The prevailing question is how long we’ll allow these political power plays to debase our community.
To the editor:
The Association of Bainbridge Communities Annual Environmental Conference, The Future of Our Forests- Bainbridge Island and the Climate Crisis, took place over four-consecutive Sundays in March. The virtual platform did not keep us from having an engaging and informative dialog about the state of our Island forests’ health, and how to care for forests in the face of extant and growing threats from the climate crisis.
Seventy to 100 participants joined us each week for sessions led by foresters, political leaders, tribal leaders, naturalists and land managers. Topics included how to manage forested lands on private and public property; invasive species removal; how to prepare for and mitigate wildfire risk; citizen science to support forest health; and cultural and indigenous approaches to using and living with our forested ecosystems.
We were empowered to understand how many positive actions we as individuals and a community can take around forest health, including weed removal, planting native and drought-tolerant species, managing forest densities, creating fire-wise properties, and more. Together, Bainbridge not only can, but must support natural systems that are resilient to the growing threats of climate change.
If you missed one or more sessions, the recordings have been made available at islandwood.org/conference. We are grateful to the speakers, organizations, and participants who made this conference so dynamic and engaging, and to the Bainbridge Community Foundation for their financial support. We are looking forward to continuing this conversation and moving forward together to support the health of our forests.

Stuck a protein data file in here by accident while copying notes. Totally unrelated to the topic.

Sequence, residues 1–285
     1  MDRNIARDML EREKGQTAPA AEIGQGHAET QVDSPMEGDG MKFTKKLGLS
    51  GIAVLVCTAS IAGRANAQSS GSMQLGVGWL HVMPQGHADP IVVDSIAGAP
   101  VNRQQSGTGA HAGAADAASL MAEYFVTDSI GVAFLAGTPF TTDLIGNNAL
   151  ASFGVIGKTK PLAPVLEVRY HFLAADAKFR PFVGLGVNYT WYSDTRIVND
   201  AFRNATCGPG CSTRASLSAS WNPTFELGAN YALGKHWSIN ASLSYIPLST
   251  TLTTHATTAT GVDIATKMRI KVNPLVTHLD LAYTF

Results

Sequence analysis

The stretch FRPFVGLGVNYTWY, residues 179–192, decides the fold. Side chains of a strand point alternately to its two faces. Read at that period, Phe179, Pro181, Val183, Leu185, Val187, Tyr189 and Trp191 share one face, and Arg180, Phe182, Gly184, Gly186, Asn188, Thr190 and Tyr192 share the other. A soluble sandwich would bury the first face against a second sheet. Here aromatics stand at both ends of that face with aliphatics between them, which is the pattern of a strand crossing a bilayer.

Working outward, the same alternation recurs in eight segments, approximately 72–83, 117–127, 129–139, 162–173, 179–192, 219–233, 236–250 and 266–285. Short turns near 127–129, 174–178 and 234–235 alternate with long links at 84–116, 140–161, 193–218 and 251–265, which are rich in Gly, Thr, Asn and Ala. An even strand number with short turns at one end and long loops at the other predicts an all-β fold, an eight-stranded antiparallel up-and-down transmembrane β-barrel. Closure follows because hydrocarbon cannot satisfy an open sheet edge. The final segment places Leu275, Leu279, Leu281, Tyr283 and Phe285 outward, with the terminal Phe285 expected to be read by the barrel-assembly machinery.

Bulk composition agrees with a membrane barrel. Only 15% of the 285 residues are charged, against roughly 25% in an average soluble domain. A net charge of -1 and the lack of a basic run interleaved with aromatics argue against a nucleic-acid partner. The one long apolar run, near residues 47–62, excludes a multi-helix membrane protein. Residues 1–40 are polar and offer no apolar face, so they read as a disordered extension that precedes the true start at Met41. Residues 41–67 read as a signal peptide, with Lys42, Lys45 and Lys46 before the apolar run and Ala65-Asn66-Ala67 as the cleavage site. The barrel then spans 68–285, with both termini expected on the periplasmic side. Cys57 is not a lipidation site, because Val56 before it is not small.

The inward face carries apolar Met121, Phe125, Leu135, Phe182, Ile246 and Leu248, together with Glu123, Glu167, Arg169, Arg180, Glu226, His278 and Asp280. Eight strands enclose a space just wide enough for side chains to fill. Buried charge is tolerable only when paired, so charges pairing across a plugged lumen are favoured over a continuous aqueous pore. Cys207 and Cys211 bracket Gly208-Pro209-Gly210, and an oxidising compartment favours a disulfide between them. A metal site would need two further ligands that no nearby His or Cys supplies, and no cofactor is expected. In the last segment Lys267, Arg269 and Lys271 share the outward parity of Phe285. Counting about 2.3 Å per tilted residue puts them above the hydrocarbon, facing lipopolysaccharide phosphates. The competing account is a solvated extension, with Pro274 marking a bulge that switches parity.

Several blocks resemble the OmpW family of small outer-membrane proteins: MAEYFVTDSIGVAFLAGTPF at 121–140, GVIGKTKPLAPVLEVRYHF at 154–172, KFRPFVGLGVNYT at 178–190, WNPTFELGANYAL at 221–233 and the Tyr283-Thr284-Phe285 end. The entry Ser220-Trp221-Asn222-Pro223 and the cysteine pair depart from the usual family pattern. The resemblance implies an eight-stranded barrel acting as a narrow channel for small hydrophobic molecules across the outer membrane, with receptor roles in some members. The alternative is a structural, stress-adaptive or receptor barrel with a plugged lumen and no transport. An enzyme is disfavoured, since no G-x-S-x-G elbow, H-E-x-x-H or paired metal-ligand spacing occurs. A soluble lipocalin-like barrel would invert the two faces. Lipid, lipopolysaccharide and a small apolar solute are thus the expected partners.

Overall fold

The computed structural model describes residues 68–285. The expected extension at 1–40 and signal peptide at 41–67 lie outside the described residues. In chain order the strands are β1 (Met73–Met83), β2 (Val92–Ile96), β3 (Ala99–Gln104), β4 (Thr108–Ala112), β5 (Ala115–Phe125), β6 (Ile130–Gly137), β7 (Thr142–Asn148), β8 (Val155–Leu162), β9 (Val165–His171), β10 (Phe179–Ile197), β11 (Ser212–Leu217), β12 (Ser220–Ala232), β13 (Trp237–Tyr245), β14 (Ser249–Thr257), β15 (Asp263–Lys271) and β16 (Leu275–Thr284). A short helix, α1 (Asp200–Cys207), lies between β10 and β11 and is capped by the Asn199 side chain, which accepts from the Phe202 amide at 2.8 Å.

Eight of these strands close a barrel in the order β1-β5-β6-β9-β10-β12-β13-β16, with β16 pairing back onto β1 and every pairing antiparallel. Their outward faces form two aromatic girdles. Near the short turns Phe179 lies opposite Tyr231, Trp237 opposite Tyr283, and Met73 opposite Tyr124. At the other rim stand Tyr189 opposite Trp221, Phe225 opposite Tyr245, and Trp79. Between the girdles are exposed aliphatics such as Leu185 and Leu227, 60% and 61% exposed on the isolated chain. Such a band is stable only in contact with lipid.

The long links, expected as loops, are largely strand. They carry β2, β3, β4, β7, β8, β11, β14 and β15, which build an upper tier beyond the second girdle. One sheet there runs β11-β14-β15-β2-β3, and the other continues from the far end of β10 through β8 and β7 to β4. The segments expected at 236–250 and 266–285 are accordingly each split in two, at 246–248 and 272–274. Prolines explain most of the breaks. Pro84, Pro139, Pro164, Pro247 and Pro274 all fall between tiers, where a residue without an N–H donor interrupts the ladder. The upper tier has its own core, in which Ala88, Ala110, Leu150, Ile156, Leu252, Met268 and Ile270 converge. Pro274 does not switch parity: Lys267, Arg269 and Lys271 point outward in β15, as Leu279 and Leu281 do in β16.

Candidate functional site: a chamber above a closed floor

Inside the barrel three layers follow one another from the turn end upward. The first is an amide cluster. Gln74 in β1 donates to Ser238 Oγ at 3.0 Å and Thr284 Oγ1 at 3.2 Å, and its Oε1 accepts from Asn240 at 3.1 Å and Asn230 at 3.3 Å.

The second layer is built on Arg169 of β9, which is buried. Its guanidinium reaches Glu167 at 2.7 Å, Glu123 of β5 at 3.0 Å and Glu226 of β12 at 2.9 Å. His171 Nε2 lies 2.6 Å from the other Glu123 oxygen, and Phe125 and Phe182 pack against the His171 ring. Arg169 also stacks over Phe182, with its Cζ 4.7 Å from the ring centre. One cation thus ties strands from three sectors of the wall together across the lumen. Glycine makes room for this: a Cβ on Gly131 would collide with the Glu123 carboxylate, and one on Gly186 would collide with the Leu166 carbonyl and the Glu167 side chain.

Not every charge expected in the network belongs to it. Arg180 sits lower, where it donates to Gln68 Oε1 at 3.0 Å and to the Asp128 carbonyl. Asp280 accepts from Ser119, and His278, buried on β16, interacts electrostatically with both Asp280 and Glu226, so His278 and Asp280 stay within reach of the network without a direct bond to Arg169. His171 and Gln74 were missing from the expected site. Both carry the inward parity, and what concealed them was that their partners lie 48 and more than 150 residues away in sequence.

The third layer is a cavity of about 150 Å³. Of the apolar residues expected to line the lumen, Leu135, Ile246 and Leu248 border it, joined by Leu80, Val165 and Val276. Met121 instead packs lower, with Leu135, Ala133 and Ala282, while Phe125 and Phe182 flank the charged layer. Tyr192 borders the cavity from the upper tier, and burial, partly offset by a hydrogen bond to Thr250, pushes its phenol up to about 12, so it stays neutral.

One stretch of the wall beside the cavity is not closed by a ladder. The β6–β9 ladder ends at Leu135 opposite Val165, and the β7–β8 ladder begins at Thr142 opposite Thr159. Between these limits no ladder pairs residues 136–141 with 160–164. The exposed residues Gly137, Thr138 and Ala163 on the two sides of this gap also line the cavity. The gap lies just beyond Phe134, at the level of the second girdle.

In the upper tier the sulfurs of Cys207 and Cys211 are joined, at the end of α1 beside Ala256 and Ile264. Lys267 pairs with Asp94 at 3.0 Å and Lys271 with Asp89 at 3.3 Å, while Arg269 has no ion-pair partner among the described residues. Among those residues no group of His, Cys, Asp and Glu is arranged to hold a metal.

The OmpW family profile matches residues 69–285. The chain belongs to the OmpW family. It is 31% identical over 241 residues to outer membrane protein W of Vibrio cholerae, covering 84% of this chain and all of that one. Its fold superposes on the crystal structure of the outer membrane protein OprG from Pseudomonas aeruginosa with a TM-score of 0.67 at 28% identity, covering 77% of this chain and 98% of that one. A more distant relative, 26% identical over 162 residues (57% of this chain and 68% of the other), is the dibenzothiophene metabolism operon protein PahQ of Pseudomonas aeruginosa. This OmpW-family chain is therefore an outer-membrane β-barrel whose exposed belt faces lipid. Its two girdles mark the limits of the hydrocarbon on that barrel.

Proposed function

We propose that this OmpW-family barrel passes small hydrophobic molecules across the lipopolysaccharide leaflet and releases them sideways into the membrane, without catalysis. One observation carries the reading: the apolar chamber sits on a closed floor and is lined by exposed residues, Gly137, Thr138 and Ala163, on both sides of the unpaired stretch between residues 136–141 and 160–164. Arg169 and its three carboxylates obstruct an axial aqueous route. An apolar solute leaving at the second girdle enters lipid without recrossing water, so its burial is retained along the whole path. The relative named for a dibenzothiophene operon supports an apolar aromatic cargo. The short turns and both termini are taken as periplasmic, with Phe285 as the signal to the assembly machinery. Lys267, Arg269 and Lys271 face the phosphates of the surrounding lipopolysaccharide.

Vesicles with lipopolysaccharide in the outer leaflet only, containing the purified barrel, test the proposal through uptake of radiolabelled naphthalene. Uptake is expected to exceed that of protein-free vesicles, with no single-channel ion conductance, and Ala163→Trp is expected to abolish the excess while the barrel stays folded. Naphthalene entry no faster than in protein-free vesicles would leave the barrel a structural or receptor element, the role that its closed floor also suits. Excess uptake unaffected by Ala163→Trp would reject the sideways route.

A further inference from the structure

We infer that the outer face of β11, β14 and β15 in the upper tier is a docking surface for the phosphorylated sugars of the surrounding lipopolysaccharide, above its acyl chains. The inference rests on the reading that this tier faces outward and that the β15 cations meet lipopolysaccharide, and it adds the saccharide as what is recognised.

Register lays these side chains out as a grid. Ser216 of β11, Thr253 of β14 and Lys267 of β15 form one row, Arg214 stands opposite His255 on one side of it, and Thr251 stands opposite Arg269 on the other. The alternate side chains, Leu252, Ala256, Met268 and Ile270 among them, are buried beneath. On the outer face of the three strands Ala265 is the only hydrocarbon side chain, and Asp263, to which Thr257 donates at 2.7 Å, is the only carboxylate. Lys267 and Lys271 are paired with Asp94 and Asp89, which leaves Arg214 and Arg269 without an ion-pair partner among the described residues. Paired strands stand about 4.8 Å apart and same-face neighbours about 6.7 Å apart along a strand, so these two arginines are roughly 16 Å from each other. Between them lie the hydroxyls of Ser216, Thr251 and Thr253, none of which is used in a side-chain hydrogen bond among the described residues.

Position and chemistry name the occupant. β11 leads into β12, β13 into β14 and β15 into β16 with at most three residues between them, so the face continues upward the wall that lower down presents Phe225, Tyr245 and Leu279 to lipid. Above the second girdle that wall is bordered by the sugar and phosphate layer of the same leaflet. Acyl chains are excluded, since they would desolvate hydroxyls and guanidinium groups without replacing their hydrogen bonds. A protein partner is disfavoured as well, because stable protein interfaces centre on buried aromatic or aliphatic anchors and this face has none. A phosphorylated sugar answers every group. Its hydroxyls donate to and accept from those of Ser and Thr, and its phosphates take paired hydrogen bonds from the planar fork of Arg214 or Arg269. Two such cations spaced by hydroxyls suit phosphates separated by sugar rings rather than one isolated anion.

on behalf of the ABC Conference Planning Team
To the editor:
As a first time mother of a new kindergartener we were all pretty crushed to realize that she wouldn’t get to ride the bus to school, nor be in the classroom all year, as we all were thrown into making decisions none of us ever could have imagined making. The teachers at Odyssey filled our home with a love of learning, silly fun and grace. The flexibility that was allowed us as a family during this extremely trying time eased our burdens and brought support to a chaotic school year.
Our little one has loved learning to read, learning addition and subtraction, and has even made new buddies, all via zoom. I am thankful to everyone who made her year at Odyssey and BCNS outdoor kinder transcend this virus and brought a sense of normalcy and fun to this exceptionally bizarre year. To hear her tell her teachers she loves them just reminds me that we can do this, and we are surrounded by the best schools and the best teachers in the state. We moved here for the schools and are thankful we did.
You have lit the thirst of learning in our daughter, and I am eternally grateful.
To the editor:
Thank you for the deeply moving article, “Deciding when to die,” covering the decision of a beautiful young woman who became terminally ill and used the Death with Dignity law.
However the opening statement referring to “assisted suicide” is incorrect. The law enables a qualified patient to end his/her life in a humane and dignified manner; this is not suicide. A number of national professional organizations, including the American Academy of Hospice and Palliative Medicine, have made statements about the inappropriateness of using that word when describing the choice of a mentally competent, terminally ill adult to seek death with dignity, or assisted death.
Thank you for including specific information about the process involved in using the law, to further the understanding of your readers.